Happy Chinese New Year of the Sheep……or is it the Goat?
By: Brad Kronen
A horse is a horse of course, of course says 2014’s Year of the Horse, but on this New Year’s Day, which Chinese Zodiacal animal has been assigned to 2015?
Some say 2015 is the Year of the Sheep.
Others say it’s the upcoming Year of the Goat.
And still others say 2015 is most certainly the Year of the Ram.
And to each I say, Everyone’s a winner!….kind of.
The problem apparently goes back over 2,000 years to China’s Han Dynasty which took place between the years 206 BC and 220 AD. The 12 year cycle of the Chinese Zodiac is believed to have emerged sometime during the Han Dynasty. 2015 is attributed to the ancient Mandarin symbol of the “Yang” and the Yang was first seen etched on animal bones used for divination purposes.
Technically, the Yang symbol is interpreted from ancient times as “an animal with two horns and a pointy face”.
A category which confusingly sheep, goats, and rams all fall under.
In my upcoming book about Astrology and Relationships entitled “Love in the Stars” soon to be released by Llewellyn Worldwide, I took a few extra steps in researching when a Ram person, otherwise known as an Aries, dates a Goat person, aka a Capricorn, since I wasn’t exactly sure what separates the sheep from the goats.
For non-farming folk, the results may both surprise and shock you.
Ironically, sheep and goats look quite similar and are very often hard to differentiate just by their physicalities. Only by observing their behavior patterns and core genetics can one see just how much these two creatures do not biologically m-a-a-a-a-a-a-tch (sorry, couldn’t help myself).
Astrology plays a key role with both clove footed beasts, right down to their genus categorization. A sheep is biologically housed within the species, Ovas Aries, a goat within Capra Hircus. Although both are members of the antelope family, the ties which bind these two animals are muted compared to their core deviations.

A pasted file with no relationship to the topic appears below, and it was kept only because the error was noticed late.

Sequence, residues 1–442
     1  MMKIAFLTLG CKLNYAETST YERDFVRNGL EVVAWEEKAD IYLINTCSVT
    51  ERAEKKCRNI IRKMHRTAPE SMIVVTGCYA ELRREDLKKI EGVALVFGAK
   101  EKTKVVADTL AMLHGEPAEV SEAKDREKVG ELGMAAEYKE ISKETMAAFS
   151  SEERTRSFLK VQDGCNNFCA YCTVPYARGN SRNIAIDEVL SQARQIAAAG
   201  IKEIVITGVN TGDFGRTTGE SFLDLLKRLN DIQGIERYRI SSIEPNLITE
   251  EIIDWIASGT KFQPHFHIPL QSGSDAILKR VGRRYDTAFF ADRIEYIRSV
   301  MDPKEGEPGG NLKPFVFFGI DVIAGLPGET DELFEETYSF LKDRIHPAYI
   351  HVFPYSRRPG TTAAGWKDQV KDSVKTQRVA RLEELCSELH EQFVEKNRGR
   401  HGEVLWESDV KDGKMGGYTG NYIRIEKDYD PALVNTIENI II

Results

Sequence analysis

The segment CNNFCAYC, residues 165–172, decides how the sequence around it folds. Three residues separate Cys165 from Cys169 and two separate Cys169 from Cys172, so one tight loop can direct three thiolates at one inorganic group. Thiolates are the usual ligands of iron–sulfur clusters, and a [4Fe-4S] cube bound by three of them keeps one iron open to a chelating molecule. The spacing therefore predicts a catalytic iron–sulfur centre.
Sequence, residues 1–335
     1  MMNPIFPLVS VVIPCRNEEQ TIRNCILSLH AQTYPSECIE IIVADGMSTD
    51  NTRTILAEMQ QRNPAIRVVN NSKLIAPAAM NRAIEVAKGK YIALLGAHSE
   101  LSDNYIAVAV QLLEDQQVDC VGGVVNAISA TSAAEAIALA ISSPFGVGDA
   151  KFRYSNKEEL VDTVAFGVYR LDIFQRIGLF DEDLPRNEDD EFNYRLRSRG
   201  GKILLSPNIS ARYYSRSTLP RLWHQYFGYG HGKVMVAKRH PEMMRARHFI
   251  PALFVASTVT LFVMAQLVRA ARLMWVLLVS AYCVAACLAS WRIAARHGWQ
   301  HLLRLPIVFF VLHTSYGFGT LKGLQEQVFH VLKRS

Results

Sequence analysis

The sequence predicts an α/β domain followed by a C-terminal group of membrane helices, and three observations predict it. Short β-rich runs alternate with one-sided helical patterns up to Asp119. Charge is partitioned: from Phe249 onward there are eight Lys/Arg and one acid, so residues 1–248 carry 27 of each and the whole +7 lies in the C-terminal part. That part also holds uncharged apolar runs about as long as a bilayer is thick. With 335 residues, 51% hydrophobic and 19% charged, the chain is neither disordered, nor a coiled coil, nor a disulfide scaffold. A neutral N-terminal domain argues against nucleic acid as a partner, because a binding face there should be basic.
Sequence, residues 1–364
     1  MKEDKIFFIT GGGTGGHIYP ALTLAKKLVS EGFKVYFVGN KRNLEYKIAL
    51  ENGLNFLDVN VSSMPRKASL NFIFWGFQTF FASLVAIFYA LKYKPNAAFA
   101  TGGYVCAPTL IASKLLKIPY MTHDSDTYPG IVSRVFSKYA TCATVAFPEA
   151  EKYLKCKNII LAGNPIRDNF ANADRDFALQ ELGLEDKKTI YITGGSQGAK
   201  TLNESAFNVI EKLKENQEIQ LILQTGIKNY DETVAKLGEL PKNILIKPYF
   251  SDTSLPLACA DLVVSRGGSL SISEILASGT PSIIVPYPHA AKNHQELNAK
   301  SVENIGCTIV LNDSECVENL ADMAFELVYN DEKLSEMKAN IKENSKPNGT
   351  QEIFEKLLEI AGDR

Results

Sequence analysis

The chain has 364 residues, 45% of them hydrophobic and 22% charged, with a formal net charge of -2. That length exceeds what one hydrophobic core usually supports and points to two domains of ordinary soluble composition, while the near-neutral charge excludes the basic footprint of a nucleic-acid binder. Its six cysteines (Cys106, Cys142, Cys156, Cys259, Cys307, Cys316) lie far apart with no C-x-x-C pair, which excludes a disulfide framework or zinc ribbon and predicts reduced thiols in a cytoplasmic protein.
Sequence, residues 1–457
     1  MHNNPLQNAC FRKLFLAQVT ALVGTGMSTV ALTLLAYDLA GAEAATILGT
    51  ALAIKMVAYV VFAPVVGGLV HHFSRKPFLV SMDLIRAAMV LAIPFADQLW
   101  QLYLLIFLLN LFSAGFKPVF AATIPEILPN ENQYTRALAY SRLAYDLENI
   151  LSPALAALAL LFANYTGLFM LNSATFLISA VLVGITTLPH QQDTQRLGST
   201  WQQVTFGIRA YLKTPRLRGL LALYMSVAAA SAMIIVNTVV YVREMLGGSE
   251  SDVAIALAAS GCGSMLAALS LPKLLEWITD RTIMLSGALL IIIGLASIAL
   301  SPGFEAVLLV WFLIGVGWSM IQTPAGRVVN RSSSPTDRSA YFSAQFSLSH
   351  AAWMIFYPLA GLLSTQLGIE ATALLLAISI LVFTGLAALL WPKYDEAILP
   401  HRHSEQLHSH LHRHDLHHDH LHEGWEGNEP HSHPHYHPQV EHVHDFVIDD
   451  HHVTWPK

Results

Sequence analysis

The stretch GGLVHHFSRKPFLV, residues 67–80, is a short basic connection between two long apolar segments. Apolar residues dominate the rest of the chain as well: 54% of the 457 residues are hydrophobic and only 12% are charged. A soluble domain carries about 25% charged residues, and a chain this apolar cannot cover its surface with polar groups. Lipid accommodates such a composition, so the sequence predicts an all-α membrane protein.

A Ram is a male sheep. A Goat refers to a male or female version of such. All Goats have horns, only some types of Rams do. When Rams fight, they butt heads, head on. When Goats attack, they charge at their opponent’s backside or hind legs. Goats have beards, Rams do not. Mountainous Rams live in rocky terrain which borders grass and clover rich meadows. Mountainous Goats live in the highest rocky terrains known to any mammal and will eat whatever they are able to forage at those stratospheric heights.
Now here’s the real horn curler, the biggest difference between a Ram and a Goat? The number of chromosomes each animal has at their genetic core.
The Ram’s Ovas Aries species has 54 chromosomes, whereas The Goat’s Capra Hircus species has 60.
In biological summation, The Ram is a simple creature by nature, The Goat, far more complex.
The Chinese Sheep vs. the Chinese Goat
Admittedly, sheep bleat, I mean, beat goats in the fluffily cute, “aren’t they adorable” competition, but Chinese astrologers choose the Goat over the Sheep hands down. Why?
Despite the male sheep sign of Aries the Ram being known as the “leadership sign” in Western astrology, the Chinese view the sheep as a weak willed animal that couldn’t re-direct a bunch of lambs from playing follow the leader straight to the chopping block.
Speaking of chopping and eating…..
In China, the Goat is considered to be quite special since it was only one of six species of animal eaten during ancient times and only by the rich and powerful.
So no matter how you chop things up, 2015 is both the Year of the Sheep AND the Goat.
In any pointily faced case, I suggest we all charge ahead by locking horns with this upcoming year, head on.
Happy New Year!